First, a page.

After lunch, we all felt quite tired from the previous day and decided we would do one more site then head to the hotel to relax and grab dinner. We opted for Abbey Road as it was his parents last night and it was one of the few things they wanted to see. There wasn’t that many people there at the road, however it is still a functioning road and its a bit difficult to take a photo in an active roadway. Also in England drivers must stop and allow pedestrians to cross the crosswalk when they’re standing by it. I could tell how infuriating it was for drivers to stop, expecting pedestrians to cross, and ultimately they didn’t cross because they were waiting to get a photo in the middle of the busy road. We tried our best to get a photo without impeding traffic and then once we crossed we signed our names on the wall of signatures in front of Abbey Studios.


After we had gotten back to the hotel and recovered we opted to do Indian food for dinner. James insisted on dressing up, while the rest of us were dressed down, and then made me take a photo of him and his parents because “it looks like my parents are tourists and just met Bennedict Cummberbatch.” Okay James, okay. Given my affinity and love for Indian food I was placed with the task of ordering for the table, no pressure right. Mr. DiCroce has zero tolerance for spice, so I opted for Butter Chicken, Channa Massala, and Lamb Tikka Massala. Only the Lamb was supposed to be spicy. He started sweating during dinner…and chugging water. It was all spicy to him, though he did enjoy the flavors he could not handle the heat. Regardless it was a delicious dinner, filled with great conversation. After our dinner, as we were walking back to the hotel, and a random house across the way was setting off fireworks. At first, we thought people were celebrating Halloween wrong, and setting off fireworks thinking it was the norm – turned out unbeknownst to us, that night was Divali (a Hindu festival). We were completely mistaken, but it was really cool to see fireworks across the street as we were walking by. We finished off their weekend in London, by going to the pool and soaking our stinky feet in the chlorine (yes stinky, 10 miles of walking all day does that), but don’t it’s fine the pool was about to close and there wasn’t anyone swimming in it. I’m pretty sure we all slept like babies that night, especially since we got an extra hour due to the time change.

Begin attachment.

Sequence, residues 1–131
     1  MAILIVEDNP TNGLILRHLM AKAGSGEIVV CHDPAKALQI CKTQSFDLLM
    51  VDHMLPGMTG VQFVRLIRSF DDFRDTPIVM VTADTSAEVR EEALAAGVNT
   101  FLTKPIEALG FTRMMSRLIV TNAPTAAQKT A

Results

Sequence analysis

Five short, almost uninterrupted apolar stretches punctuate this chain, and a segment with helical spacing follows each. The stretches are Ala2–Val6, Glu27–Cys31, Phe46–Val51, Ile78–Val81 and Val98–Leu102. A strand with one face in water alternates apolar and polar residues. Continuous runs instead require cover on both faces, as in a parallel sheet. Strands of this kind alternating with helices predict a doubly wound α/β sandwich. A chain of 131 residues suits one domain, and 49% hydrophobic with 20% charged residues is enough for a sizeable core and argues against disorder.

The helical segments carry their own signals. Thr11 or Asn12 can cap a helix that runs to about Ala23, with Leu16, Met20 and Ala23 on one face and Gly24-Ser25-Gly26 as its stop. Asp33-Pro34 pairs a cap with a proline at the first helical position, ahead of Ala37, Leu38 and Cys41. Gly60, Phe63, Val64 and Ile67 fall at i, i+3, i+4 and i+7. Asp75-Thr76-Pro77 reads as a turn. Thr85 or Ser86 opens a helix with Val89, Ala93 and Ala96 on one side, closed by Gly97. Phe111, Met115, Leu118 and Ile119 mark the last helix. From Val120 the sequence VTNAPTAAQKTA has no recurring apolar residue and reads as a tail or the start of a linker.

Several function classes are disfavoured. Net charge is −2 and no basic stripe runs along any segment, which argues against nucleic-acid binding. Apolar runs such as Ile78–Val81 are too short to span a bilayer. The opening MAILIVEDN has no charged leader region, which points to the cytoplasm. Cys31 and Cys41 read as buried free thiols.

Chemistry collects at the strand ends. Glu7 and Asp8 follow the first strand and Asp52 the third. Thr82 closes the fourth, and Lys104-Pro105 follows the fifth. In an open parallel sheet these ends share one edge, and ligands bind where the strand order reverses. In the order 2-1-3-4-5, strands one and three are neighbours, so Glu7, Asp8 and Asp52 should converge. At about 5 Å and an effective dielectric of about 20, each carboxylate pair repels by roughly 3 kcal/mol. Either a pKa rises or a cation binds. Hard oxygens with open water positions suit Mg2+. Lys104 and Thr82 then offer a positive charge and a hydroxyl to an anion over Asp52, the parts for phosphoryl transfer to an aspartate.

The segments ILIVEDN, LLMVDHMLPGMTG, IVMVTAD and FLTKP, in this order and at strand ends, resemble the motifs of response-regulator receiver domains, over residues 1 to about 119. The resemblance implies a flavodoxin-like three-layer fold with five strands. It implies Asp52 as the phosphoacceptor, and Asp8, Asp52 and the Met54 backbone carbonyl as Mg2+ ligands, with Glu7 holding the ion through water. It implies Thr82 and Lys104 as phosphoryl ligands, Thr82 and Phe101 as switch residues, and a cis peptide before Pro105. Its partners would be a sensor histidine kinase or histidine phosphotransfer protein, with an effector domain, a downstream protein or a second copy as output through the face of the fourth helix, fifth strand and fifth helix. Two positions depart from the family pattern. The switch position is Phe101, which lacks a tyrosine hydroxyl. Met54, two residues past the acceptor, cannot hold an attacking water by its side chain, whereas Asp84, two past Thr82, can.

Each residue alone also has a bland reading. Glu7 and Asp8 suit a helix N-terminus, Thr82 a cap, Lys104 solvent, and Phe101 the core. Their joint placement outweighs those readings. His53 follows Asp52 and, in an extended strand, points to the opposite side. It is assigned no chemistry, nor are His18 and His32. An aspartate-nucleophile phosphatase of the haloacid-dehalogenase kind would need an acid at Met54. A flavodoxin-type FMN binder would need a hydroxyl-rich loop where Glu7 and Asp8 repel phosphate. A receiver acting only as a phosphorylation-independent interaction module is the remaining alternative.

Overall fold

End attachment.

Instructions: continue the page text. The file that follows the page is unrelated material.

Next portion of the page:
Day 4 – The Final Day

At 6:30 am bright and early, we got up to take G and Papa to the bus stop and make sure they got on the right bus this time so they wouldn’t get lost again. 30 minutes later we got them on the bus, and as James put it, “It’s like putting kids on the bus to school, awww.” We waved goodbye as they drove off and then went back to the hotel to grab some more sleep.

Two hours later after a cat nap, and clearing our hotel room out of all the toiletries that was provided (always good to have travel soaps trust me), James and I were off to spend our last day in London before heading to Exeter. First on the agenda was Harrods because I am my mother’s daughter. Sadly Harrods didn’t open till 11 and we were there at half past ten. I took it as a sign that my suitcase couldn’t afford to have one more item in it, so we were off to our next destination, Hyde Park. We were lucky enough that just as we got to Hyde Park the Queen’s men rode by on their horses.